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Legault says accepting more than 50,000 immigrants in Quebec per year would be ’a bit suicidal'

Legault makes remarks on same day he reprimands CAQ minister for other statement on immigration

Three men in a conference.

On Monday, during an event at the Montreal Chamber of Commerce, Coalition Avenir Québec Leader Francois Legault, centre, said welcoming more than 50,000 newcomers per year would be "a bit suicidal" for Quebec.

Photo: (Ryan Remiorz/The Canadian Press)

RCI

The Coalition Avenir Québec is once again coming under fire for comments about immigration, including party leader François Legault saying that welcoming more than 50,000 immigrants per year would be "a bit suicidal."

Legault made that statement on Monday at the Montreal Chamber of Commerce while alluding to the need to the protect the French language.

Although his words drew criticism from his opponents, Legault also reprimanded one of his ministers on Monday for making his own controversial remarks about immigration.

During a local debate on Radio-Canada last week, Jean Boulet — who serves as both the province's labour and immigration minister —  said 80 per cent of immigrants go to Montreal, don't work, don't speak French or don't adhere to the values of Quebec society.

Boulet then touted his party's efforts to better welcome newcomers and get them speaking French.

Shortly after Radio-Canada reached out to Boulet's team today, he issued an apology on Twitter, saying he misspoke and the statement about immigrants not working and not speaking French does not reflect what I think.

I am sorry for having poorly expressed my thoughts, said Boulet, who is seeking re-election in the Trois-Rivières riding. We must continue to focus on the reception … and integration of immigrants, who are a source of wealth for Quebec.

Despite the apology, his words appeared to have cost him his immigration portfolio, if the CAQ is re-elected. Legault described Boulet's statement as unacceptable. He was also asked if Boulet could remain as immigration minister if the CAQ is re-elected.

Unfortunately, I don't think so, he told Radio-Canada, adding that it's a question of image, perception and trust.

The CAQ campaign has been marred by controversial comments on immigration.

Jean Boulet in press conference.

Jean Boulet, Quebec's outgoing labour minister, apologized for his comments on Twitter.

Photo: La Presse canadienne / Graham Hughes

Three weeks ago, Legault apologized for citing the threat of extremism and violence as well as the need to preserve Quebec's way of life as reasons to limit the number of immigrants to the province.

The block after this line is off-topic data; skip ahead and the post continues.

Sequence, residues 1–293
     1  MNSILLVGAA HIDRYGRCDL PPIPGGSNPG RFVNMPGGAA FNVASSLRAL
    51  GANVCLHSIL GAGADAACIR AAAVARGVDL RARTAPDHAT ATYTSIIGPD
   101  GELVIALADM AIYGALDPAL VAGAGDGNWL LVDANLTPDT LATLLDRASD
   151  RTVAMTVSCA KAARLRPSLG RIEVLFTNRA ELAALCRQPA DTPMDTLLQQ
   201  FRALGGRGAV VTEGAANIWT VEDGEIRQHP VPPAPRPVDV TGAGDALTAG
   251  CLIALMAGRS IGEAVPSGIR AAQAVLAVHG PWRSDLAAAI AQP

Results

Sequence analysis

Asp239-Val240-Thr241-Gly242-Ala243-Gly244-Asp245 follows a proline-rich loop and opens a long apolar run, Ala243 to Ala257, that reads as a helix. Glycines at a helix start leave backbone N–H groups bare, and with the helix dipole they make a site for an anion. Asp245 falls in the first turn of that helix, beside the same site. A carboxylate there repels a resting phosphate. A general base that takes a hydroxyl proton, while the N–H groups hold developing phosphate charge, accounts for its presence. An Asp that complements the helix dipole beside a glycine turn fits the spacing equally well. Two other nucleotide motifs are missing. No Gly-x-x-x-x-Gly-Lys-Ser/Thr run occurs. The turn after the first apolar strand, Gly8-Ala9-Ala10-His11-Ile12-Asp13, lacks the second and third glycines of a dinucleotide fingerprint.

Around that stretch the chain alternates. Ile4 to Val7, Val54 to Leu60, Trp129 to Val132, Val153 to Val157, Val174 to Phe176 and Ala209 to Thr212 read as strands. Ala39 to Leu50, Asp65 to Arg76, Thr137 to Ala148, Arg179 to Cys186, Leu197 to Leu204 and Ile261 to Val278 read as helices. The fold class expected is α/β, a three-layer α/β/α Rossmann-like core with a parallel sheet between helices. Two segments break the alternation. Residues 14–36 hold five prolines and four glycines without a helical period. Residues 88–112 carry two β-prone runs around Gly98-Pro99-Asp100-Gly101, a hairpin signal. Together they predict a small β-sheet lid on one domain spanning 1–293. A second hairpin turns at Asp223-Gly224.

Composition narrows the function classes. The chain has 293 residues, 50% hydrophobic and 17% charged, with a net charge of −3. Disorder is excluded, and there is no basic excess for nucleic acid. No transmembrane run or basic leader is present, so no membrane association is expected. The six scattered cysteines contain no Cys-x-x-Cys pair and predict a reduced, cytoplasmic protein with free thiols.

That same week, he said non-French speaking immigration, if not limited in number, could pose a threat to social cohesion in the province.

Opponents blast Legault's party for 'divisive' message

Opponents of the CAQ blasted the comments made by Legault and Boulet.

During a news conference on Monday, Gabriel Nadeau-Dubois, the co-spokesperson for Québec Solidaire said Legault's comments about welcoming more than 50,000 newcomers per year were hurtful and irresponsible.

Reporters also played him audio of Boulet's comments. 

Nadeau-Dubois accused Legault of setting the tone within his party when it came to talking about immigration.

Since the beginning of the campaign, what Mr. Legault has done is send the signal that when you talk about immigration, you talk about it in a negative way, a divisive way, he said.

A man.

Gabriel Nadeau-Dubois, the co-spokesperson for Québec Solidaire, said Legault's comments on immigration during the campaign have been divisive.

Photo: La Presse canadienne / Ryan Remiorz

When Mr. Legault sets the tone like that and says that immigration is dangerous for Quebec, it's not only hurting people, it's, I think, deeply not representative of what Quebecers actually think.

During her own news conference, Liberal Leader Dominique Anglade described Boulet's comments as mind-boggling.

It's dividing Quebecers. It's dividing the population, she said.

Anglade called on Quebecers to put an end to the CAQ's politics of division.

There are two options on the table. There's this one option where we've already hit a wall and we keep dividing Quebecers.... And there's another route: the route of the Liberal party where we say we need to unite.

She also said Legault's reference to suicide showed a flagrant lack of empathy.

ABOUT THE AUTHOR

Antoni Nerestant (new window) · CBC News · Journalist

Antoni Nerestant is a journalist at CBC Montreal.


With files from Matt D'Amours, Simon Nakonechny and Radio-Canada

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